boastingBoastfulness is a luxury that seldom lends comfort—not even to the boaster, ultimately. A boast is often made at someone else’s expense. I’ve been guilty of enjoying sweet flattery without acknowledging others who might have deserved a share of that confection. That’s a quiet form of boasting. Later, thinking back on my glory gluttony, I imagined how sharing that flattery might have done those others some good. With that realization I reverted back to my true place in God’s universe—in the tiniest space of it.

From that perspective, this Sunday’s responsorial psalm has a special resonance (Ps 8:4-5, 6-7, 8-9):

When I behold your heavens, the work of your fingers, the moon and the stars which you set in place — What is man that you should be mindful of him, or the son of man that you should care for him?

Rather than sugary flattery to feed my ego, what I truly need to sustain me while occupying my small space in God’s creation is wisdom. That gift would nip any selfish boasting in the bud because it acts as a constant homing device for me in that universe—as constant as the North Star. Wisdom is the beacon that guided the psalmist to ask that heartfelt question about mankind. Wisdom existed before the psalms, even before humanity itself. It is the very spirit of God, and its full expression cannot be contained. It resulted in all of creation, culminating with humanity—in whom wisdom finds an earthly home, according to God’s will, as wisdom teaches us in our first reading from Proverbs (Prv 8:22-31):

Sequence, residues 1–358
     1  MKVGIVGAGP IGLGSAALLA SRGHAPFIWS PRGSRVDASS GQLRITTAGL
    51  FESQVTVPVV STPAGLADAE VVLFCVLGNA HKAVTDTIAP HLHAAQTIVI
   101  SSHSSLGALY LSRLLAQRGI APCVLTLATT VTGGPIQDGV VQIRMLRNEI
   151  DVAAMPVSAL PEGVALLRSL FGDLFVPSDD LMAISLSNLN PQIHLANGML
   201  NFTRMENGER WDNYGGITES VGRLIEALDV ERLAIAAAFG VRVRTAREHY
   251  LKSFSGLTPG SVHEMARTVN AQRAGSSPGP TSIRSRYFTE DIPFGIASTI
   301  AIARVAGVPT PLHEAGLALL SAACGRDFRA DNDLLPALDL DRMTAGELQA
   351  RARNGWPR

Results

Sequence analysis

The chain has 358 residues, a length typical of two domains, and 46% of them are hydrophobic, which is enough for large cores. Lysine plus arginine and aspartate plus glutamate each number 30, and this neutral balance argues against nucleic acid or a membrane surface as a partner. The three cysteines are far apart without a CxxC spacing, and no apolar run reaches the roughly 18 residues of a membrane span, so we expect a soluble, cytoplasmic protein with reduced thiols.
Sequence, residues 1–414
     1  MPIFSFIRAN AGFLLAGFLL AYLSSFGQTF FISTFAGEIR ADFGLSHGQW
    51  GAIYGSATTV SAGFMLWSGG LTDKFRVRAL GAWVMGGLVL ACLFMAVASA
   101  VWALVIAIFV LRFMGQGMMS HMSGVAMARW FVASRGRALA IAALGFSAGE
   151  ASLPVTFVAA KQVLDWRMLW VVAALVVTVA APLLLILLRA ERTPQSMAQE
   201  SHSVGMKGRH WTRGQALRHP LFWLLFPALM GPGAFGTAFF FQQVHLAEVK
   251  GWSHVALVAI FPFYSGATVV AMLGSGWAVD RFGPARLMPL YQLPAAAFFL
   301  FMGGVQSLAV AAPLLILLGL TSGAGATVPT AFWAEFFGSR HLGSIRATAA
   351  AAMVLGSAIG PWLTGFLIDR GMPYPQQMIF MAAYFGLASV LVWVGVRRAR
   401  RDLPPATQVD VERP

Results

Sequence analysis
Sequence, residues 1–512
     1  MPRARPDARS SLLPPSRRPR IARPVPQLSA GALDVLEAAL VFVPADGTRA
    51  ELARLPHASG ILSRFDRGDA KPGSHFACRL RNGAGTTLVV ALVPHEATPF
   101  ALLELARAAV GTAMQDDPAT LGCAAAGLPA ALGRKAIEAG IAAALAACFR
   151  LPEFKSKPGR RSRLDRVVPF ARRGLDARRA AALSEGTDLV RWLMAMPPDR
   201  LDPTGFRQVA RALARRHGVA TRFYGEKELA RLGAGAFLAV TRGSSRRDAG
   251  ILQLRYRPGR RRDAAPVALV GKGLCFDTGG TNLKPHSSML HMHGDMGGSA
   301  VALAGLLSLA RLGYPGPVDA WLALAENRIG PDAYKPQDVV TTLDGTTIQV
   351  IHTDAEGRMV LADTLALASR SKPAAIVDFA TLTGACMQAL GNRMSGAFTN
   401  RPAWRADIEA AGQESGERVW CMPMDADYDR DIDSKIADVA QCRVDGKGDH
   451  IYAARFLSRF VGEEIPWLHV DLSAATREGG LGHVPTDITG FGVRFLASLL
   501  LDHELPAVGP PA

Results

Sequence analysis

I was his delight day by day, playing before him all the while, playing on the surface of his earth; and I found delight in the human race.”

Unfortunately, as I mentioned about my own experience with it, wisdom can be evicted from its human host to make room for foolish boasting. Fortunately, even the spirit of wisdom can refine boastfulness into a more precious commodity when combined with praise for its divine partnership with God the Father. This brand of boasting is an invitation to others, not a diminution of them, as St. Paul demonstrates in this Sunday’s second reading (Rom 5:1-5):

… we boast in hope of the glory of God. Not only that, but we even boast of our afflictions, knowing that affliction produces endurance, and endurance, proven character, and proven character, hope, and hope does not disappoint, because the love of God has been poured out into our hearts through the Holy Spirit that has been given to us.

Paul received the spirit of wisdom from his Master, who inherited it from his Father, who has always hosted it. In pouring it out for his disciples he bequeathed His truth to all of us, as Jesus says in this Sunday’s gospel:

[“The spirit of truth] will take from what is mine and declare it to you. Everything that the Father has is mine; for this reason I told you that he will take from what is mine and declare it to you.”

We share immense riches with Jesus by our shared sonship! Proclaiming that boast is not just a luxury, it’s a necessity, and must be given voice so that others may find a home under its protection.

–Tom Andel